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Diane b - NASAH

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Hi there,


I am also so glad to have found this forum!  


I am a 55-year old fit female with no health conditions and great blood pressure, and had a NASAH on 9/26/19.   I was driving over the Bay Bridge in San Francisco (literally going through the toll booth) when I had the thunderclap headache and terrible stiffness in my neck and some numbness in my hands.  


I managed to call emergency services and an ambulance met me on the other side of the bridge and took me to the ER, where they put me on the CT and told me I was bleeding in my brain.  


As others, my CT scan, MRI and angiogram showed no aneurysm--I was in the hospital for 8 days on the Nimodopine regimen and an angiogram at 8 day mark was clear and I was sent home with 2 weeks off work, which was not enough time (I suspect I would have been put off longer if I lived in the EU).  


I am a public agency attorney and my work load is quite heavy, so going back into the stress of that environment so quickly with 10 hour days was difficult.


In addition, I have a lot of stress at home as I have a son on the autism spectrum with mental health issues, and a daughter with a mood disorder.  


Since the NASAH, if I try to drink any alcohol socially I feel awful and the headaches intensify.  I feel like I need 10 hours of sleep a night to feel good.  I feel lucky to be alive and have the same anxiety expressed by others here that I will have a re-bleed, although I was also told that the chance of that is slim to none.  


Not knowing the source of the bleed or why it happened is difficult for me, as I feel like there must be an answer.  I do wonder if inflammation in the body and brain can be a factor in causing vessels to leak.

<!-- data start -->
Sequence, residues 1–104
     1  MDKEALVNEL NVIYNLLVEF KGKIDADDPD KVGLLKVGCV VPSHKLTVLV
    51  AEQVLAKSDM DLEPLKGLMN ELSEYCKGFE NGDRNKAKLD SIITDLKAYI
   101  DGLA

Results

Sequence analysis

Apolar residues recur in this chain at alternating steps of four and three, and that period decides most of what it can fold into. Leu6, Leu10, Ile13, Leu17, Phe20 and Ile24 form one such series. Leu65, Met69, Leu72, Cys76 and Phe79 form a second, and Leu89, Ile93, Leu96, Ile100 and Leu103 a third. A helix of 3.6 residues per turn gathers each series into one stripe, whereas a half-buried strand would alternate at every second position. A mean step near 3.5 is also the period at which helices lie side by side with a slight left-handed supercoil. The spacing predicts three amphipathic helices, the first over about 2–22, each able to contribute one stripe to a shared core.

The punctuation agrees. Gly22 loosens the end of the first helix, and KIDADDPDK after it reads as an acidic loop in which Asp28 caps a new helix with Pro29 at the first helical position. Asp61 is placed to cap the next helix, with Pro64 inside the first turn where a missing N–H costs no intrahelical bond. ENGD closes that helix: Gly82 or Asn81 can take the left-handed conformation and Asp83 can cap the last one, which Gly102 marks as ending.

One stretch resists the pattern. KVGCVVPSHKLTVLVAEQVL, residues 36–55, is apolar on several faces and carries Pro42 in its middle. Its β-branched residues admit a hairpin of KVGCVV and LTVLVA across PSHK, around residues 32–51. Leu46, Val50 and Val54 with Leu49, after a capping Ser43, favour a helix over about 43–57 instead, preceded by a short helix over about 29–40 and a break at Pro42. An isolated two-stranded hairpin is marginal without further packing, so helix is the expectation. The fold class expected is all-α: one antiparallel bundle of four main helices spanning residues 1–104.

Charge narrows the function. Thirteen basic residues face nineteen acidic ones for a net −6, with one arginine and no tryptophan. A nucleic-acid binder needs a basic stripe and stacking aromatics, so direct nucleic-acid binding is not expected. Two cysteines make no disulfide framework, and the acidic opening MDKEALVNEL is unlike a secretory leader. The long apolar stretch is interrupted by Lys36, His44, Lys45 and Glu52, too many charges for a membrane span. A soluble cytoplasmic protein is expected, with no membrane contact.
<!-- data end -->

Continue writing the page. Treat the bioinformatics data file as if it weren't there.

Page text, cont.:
The neurologists at the hospital said stress was not a factor, but the nurses said otherwise--the hospital where I stayed is in Silicon Valley and the nurses said they were seeing an uptick in NASAH in younger people who had large amounts of stress.  


Anyway, so glad to have found this forum and to be able to connect with others who have had a NASAH.  

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Hi Diane,

So glad you found this forum.  I have said this before but I just felt like I fell into their arms.  So much support from people who understand what i am talking about. 


I had my event 2 years ago, first my SAH then Vasospasm, two different hospital stays 8 days in ICU with an additional 3 days then 2 weeks of rehab as my core strength was gone. 


I like you feel lucky to be alive...we are survivors but we still need to understand and digest what has happened to us.  

There is much written on this site from survivors that are way more eloquent than I (haha) but I did want to welcome you to BTG.  


I am from the USA also, couldn't find a support group that related to me as this one does.